obs = zeros(N,1,D); for dopBin = 1:dopNum dopGridSv = dopsteeringvec(dopGrid(dopBin),pulseNum,fPRF); for angBin = 1:angNum angGridSv = steervec(elementPos,angGrid(angBin)); angDopGridSv = kron(dopGridSv,angGridSv); obs(:,:,(dopBin-1)*angNum+angBin) = angDopGridSv; end end hyp = [1,0]; [dresult,stat,th] = glrt(x,hyp,obs); stat = reshape(stat,angNum,dopNum);

Plot a spatial-temporal GLRT detection map.

[dopMesh,angMesh] = meshgrid(dopGrid,angGrid); surf(angMesh,dopMesh,pow2db(stat)) hold on mesh(angMesh,dopMesh,pow2db(th)*ones(angNum,dopNum)) xlabel('Angle (degrees)') ylabel('Doppler (Hz)') zlabel('Power (dB)')

## More About

### Data Precision

This System object supports single and double precision for input data, properties and arguments. If input data is single precision, all the non-logical outputs are also single precision. If input data is double precision, the non-logical outputs are double precision. The precision of the non-logical output is independent of the precision of the properties and other arguments.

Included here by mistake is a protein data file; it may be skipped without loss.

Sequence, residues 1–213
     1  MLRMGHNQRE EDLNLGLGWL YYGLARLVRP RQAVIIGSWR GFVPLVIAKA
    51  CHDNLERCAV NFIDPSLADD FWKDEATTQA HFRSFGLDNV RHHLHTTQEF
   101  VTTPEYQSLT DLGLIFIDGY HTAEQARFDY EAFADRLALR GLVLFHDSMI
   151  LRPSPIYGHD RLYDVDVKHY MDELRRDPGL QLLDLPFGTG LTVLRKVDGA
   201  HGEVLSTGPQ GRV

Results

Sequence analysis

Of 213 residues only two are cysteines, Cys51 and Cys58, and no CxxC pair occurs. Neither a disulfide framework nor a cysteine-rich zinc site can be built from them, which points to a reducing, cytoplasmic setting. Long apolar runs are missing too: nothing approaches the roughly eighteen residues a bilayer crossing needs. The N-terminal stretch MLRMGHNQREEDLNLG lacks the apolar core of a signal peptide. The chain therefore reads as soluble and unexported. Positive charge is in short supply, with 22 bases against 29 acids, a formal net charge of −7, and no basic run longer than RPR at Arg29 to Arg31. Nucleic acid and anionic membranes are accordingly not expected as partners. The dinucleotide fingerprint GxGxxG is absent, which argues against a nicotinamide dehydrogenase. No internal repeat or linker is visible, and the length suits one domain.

### Signal Model

The GLRT detector assumes *D* linear deterministic signals in each
column of `X`

. The GLRT detector assumes that the data follows the linear
deterministic signal model `X = H*param + noise`

where
`X`

is an *N*-by-1 data vector, ` H`

the observation matrix given as an
*N*-by-*P*-by-*D* array.

`param`

is a*P*-by-1 vector that contains*P*unknown signal parameters.`H`

is an*N*-by-*P*-by-*D*array that summarizes*D*observation matrices of size*N*-by-*P*with*N > p\P*and rank*P*.`noise`

is an*N*-by-1 noise vector assumed to be white Gaussian.

For this signal model, the GLRT detector determines whether to reject the
null hypothesis. The null hypothesis is expressed in the form `A*param = b`

where `A`

is an *R*-by-*P* matrix with
*R ≤ P* and rank *R ≥ 1*, and `b`

is an
*R*-by-1 vector. `A`

and `b`

are form
the augmented linear equality constraint matrix `hyp = [A,b]`

. Because
there are *D* signal models, the GLRT detector outputs *D*
detection results for each column of `X`

.

`H`

is the observation matrix for a linear deterministic signal model